The Shit Challenge: Dare To Be A Musician's Musician!

Dare to be the sort of musician, songwriter, or engineer whose commitment to their craft sticks out like a sore thumb.

Whether you're in a loud and snotty punk band that trashes its instruments with predictable regularity or are merely part of a textural synth duo exploring harmony and dissonance with self-imposed limitations (i.e., using only old school analog gear), there is something to be said for knowing your shit inside and out and taking a sculptor's care in all aspects of what it is that you do.

If you're a drummer, be the guy other drummers come to when they want to properly learn how to tune their drums. Know the full sonic spectrum of every cymbal, tom and snare in your growing arsenal. Own more than one snare or guitar because you are a painter with sound and the more colors you can reach for at any given moment, the better.

Ever watch someone who sculpts with clay turn a musky lump of "icky mud" into a statue so rich in detail that even a layman wonders how long it must have taken?  Bring an equal sense of commitment and know-how to your instrument so as to inspire that same sense of awe from those who recognize and appreciate such nuances.

beware, though, that it will change the way you look at the world around you.

Suddenly, watching a baby band splash random colors around with so little care will no longer appeal to you where once you would have at least gotten off on the energy.

Energy is great, but color and nuance are where the big boys play.

If a drunk guy at a show where only five people showed up asks you to play Bowie's "Major Tom", what do you as a craftsman of your instrument do if the only wrong answer to this request is "No"?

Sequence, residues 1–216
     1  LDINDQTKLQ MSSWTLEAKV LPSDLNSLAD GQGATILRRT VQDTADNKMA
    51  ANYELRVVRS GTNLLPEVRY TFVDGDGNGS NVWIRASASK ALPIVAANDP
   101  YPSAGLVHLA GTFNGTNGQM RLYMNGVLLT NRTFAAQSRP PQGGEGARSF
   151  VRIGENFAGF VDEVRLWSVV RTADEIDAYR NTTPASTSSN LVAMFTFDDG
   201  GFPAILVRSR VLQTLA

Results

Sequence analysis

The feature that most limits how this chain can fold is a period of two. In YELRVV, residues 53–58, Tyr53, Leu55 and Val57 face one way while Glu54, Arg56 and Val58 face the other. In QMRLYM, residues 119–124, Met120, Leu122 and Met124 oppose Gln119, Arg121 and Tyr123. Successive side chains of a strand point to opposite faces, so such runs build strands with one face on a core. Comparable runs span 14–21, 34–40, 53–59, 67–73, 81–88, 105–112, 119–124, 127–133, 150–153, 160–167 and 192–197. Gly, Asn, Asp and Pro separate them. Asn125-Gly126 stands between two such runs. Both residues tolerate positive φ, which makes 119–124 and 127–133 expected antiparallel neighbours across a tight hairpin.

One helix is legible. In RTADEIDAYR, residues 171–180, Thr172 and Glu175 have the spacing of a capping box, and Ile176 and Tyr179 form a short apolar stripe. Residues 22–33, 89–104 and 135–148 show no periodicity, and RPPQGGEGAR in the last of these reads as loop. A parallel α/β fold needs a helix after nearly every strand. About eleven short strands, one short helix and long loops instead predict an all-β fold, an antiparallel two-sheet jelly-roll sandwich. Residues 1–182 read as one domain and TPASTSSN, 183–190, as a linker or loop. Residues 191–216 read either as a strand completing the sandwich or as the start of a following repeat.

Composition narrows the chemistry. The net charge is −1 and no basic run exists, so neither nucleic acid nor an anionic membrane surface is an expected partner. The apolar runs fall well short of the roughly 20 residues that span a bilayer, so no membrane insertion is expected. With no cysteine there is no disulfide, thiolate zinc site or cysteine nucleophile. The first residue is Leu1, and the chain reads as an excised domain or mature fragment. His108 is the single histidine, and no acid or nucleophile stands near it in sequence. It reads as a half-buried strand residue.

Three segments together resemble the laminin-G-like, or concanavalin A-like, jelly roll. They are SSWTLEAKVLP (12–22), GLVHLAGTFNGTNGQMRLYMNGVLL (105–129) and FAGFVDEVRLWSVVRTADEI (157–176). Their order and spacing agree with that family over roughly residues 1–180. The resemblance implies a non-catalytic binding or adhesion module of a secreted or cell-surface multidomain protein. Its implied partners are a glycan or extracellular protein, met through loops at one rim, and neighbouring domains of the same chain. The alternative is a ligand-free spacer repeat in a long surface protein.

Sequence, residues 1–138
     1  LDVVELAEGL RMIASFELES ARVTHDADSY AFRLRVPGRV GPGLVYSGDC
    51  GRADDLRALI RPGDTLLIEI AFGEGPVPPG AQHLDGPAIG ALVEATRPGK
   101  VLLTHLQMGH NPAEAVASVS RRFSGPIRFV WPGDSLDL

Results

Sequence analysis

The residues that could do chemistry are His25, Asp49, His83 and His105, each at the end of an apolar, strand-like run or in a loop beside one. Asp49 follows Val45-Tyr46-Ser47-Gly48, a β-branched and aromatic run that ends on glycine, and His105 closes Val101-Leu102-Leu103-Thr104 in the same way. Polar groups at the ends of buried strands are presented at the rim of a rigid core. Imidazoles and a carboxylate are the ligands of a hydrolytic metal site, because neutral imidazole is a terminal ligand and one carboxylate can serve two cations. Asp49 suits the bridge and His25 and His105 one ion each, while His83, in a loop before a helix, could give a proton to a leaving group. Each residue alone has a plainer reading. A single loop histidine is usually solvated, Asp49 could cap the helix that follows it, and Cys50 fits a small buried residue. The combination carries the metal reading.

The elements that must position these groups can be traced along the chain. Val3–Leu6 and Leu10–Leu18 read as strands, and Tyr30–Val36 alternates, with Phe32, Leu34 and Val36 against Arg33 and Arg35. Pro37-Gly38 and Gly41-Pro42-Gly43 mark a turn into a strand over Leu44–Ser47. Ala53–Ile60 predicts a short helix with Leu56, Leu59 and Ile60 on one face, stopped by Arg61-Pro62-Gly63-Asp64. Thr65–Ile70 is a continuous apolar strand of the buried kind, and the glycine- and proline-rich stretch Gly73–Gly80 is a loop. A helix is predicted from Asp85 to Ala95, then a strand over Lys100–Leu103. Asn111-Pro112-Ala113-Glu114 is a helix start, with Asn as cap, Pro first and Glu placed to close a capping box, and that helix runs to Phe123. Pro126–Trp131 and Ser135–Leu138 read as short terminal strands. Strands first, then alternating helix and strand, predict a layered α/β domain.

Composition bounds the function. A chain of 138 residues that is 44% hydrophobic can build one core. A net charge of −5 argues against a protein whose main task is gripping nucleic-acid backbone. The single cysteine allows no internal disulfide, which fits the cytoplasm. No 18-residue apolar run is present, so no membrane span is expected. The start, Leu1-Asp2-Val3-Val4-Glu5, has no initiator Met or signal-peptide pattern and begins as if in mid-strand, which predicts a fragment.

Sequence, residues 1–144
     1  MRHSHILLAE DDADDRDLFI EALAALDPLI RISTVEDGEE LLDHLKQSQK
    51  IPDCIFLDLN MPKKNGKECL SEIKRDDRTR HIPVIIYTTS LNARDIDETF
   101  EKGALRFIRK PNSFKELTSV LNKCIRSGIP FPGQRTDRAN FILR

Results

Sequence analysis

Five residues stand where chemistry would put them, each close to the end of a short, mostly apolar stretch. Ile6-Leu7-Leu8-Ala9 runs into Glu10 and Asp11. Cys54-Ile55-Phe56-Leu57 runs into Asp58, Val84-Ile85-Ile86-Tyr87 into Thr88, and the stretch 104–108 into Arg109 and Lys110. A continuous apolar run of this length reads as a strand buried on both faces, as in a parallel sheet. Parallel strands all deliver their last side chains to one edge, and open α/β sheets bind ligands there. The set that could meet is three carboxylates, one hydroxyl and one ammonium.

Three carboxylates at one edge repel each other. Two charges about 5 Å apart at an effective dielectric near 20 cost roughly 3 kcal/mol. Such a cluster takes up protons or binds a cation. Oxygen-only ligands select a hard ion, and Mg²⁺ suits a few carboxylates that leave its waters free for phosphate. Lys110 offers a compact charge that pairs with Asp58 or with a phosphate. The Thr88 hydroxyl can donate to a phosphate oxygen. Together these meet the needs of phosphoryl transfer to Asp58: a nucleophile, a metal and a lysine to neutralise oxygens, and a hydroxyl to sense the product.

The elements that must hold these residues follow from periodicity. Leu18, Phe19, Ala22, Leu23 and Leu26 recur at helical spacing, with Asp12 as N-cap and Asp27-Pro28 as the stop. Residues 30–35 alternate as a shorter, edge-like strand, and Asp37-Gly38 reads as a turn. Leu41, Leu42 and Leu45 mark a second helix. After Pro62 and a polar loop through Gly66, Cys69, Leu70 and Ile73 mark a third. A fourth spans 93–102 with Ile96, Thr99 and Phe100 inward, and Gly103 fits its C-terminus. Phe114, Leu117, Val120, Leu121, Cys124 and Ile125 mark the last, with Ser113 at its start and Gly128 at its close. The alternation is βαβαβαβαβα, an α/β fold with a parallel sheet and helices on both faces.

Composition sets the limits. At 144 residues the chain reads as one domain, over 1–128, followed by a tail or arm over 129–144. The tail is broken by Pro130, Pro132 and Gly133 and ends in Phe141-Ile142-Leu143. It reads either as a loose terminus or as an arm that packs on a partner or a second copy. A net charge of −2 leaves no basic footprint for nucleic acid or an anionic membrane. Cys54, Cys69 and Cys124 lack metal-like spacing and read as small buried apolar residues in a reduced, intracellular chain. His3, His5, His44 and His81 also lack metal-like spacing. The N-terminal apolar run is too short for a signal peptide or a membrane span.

Thankfully, you once played in a Bowie tribute band for the sole purpose of becoming well-versed in someone else's musical language. Who knew it would come in so handy?

What about you, Mr. or Miss Songwriter?

What are you doing to make sure that your next song isn't just a sad exercise in third-rate regurgitation of well-worn musical cliches? What if you tried writing about something that, to your knowledge, no other artist had ever written about? Say, nuts and bolts.

"Oh, that's silly!"

Is it?

Maybe you'll never record the song, but the exercise of letting yourself think outside the box will begin to work and tone those musical muscles and the next time you write a song about breaking up with your gal or guy, you'll find an interesting way to turn the whole thing on its ear.

And no sabotaging your good stuff, Jeff Tweedy. If the only thing coming out of you are heart-wrenching pop songs with king-size hooks that cry out to be heard on radios all across this great land of ours, don't just stick them in a box to work on your new album of traditional Icelandic folk instrumentals.

I still remember as a wide-eyed young rocker talking to a well-known producer working with a band that was considered quite up & coming at the time. In the midst of describing other aspects of the recording process, he mentions that the band held back some of their best material from the sessions for their newly-released album because they knew they could build the next album around them,

Hold on a cotton-pickin' second, I thought to myself, what promise is there that you even get to make another album in this crazy business? Granted, this was back when getting dropped could literally ruin your career because the cost of record in studios and pressing up CD's, albums, and cassettes on your own was a deal-breaker for many a band.

Record every song as if its your last and consider each album a time capsule you won't be happy with until you fill it with as much greatness as possible so that future generations don't think you held anything back.

Superior St. Rehearsal Facility

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